How Homemade Wills Work and the Potential Problems

The whole family is cleaning out grandma’s old house, getting ready to put it on the market. Someone opens a desk drawer and finds a neatly written letter that’s signed by grandma. That letter is titled “My Last Legal Will and Testament.”

Does it count? Can her handwritten will really stand up in court?

Yes. Well, possibly.

A holographic will (also known as a homemade will or a handwritten will) can hold up in a court of law, but it must meet a few legal requirements to become valid.

In South Carolina, a holographic will can only be valid if it was written in a state that accepts holographic wills. So if you live in South Carolina and write a perfect handwritten will, it will not work because South Carolina is not a state that validates holographic wills. It only accepts a holographic will if it was written in a state that does find such wills valid.

One such state is North Carolina.

North Carolina requires that a holographic will be written entirely in the testator’s handwriting. Some states don’t carry this requirement. These more lenient laws will usually specify that the bequests and signature all be written in the testator’s handwriting.

Additionally, North Carolina requires a signature like almost every other legally binding contract. And the law requires that the document be found after the person’s death among the deceased’s valuable effects or papers.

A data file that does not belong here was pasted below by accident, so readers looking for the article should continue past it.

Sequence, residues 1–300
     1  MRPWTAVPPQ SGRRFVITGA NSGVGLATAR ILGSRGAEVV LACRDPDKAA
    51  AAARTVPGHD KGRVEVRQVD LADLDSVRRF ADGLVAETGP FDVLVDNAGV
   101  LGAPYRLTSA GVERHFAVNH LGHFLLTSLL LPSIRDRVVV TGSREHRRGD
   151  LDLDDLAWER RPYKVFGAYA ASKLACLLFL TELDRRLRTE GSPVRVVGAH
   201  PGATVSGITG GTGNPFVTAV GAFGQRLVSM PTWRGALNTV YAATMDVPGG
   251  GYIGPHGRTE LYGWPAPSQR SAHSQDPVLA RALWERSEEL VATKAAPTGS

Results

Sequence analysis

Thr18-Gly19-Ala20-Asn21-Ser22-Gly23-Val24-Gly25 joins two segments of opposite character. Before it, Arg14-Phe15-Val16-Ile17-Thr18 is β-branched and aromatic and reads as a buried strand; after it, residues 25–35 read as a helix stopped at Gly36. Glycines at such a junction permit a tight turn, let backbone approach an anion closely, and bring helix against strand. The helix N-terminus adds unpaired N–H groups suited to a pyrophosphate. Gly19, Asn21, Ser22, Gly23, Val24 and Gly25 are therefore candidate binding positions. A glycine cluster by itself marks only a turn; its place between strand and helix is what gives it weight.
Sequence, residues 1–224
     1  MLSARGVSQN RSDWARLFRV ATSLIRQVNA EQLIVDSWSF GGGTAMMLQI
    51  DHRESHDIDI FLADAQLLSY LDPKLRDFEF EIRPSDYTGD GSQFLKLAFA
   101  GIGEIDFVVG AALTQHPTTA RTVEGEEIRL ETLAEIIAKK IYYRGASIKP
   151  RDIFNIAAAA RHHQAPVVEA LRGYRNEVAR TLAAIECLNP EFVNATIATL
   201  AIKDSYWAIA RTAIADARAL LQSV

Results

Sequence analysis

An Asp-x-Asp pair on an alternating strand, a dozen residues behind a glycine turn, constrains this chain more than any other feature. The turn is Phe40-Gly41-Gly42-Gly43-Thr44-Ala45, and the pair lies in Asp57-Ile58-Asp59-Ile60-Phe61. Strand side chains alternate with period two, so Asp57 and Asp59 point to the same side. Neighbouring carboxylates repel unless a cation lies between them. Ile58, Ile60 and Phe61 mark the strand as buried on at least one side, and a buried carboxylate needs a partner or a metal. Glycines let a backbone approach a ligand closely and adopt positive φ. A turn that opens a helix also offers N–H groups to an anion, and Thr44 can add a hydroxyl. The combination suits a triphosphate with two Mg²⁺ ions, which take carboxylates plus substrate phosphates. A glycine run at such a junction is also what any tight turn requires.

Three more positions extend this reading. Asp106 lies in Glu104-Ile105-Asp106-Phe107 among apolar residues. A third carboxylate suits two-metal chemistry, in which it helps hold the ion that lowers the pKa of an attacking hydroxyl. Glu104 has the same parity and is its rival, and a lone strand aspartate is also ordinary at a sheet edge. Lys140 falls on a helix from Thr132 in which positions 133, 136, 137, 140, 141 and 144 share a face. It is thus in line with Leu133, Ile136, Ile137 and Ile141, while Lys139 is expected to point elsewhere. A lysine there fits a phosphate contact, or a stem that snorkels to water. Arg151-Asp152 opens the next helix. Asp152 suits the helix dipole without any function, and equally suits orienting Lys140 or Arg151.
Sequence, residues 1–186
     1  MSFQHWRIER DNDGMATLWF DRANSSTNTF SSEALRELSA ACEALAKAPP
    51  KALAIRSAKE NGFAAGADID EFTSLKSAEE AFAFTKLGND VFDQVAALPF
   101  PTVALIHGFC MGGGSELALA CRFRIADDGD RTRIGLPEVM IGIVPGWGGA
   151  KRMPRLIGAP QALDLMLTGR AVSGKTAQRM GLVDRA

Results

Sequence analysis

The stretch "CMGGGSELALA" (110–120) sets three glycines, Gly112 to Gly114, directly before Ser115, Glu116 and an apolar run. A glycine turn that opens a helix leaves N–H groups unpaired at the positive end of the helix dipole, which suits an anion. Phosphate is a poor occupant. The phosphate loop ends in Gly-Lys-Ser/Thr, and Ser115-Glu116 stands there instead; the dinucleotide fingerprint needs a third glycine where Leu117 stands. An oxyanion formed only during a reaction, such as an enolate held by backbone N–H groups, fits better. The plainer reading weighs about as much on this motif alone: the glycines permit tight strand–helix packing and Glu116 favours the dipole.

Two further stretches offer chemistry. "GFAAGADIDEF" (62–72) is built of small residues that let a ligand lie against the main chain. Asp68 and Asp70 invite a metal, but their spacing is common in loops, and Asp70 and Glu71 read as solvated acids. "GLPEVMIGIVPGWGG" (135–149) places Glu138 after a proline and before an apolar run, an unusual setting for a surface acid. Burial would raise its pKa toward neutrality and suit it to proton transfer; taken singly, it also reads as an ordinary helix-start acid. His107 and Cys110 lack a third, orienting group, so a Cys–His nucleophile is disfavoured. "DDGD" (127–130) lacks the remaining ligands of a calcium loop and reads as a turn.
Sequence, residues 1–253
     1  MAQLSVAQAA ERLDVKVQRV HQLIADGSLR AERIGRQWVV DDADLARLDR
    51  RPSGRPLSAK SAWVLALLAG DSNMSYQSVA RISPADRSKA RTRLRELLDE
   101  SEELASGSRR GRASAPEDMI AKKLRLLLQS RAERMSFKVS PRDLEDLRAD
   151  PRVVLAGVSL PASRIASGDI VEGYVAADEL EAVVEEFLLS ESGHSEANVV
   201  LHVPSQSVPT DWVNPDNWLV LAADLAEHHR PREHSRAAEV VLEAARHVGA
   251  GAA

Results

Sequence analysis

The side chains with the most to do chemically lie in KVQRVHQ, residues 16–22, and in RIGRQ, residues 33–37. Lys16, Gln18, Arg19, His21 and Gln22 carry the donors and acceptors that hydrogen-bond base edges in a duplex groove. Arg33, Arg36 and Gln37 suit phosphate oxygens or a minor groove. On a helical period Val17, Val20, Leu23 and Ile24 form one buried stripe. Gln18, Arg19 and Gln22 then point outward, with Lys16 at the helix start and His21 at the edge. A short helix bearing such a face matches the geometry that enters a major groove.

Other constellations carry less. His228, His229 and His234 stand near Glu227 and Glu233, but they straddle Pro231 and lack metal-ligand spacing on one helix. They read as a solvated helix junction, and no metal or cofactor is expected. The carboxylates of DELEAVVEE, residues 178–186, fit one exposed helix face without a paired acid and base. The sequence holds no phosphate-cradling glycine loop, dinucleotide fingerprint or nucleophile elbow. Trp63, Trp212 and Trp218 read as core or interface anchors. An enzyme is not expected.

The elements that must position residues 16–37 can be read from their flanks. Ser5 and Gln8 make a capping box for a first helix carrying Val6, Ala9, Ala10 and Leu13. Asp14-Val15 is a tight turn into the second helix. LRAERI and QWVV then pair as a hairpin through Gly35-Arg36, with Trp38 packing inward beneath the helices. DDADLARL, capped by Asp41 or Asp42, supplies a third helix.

So if there’s a will written entirely in the person’s handwriting and signed by that same person, and it’s found where it should be—and the will was written in North Carolina—both North and South Carolina will accept the document as valid.

This obviously exposes the document to a host of issues.

The courts in North Carolina will not presume the will is valid. Thus, the court will need to hear testimony and examine evidence to confirm that the will was written entirely in the testator’s handwriting. There will also be witnesses necessary to prove that the document was found after the time of death in a place described above.

The main takeaway from the of this court activity is money. Many folks will pen a handwritten will to save money on the front side of the equation. They don’t want to incur the expense of creating an estate plan, thinking if they just write it themselves, then there is more money to leave to their heirs.

As we’ve just shown, that may not be the case. Not only will the people submitting the will to the probate court incur expenses proving the will’s validity, there’s the possibility that the court will rule against it. That means the estate would likely be considered intestate—an estate without a will—and would have to follow the laws for distribution of the estate.

The best way to ensure your assets are protected and distributed in the manner you want is to have a thorough estate plan. You can take steps to limit the court’s involvement as much as possible for an easy transition.

If you or someone you know is thinking about an estate plan, call 1-888-748-KING to schedule an appoint with the attorneys at King Law. We’ll help you create a plan that best matches your wishes and helps your loved ones move on in peace.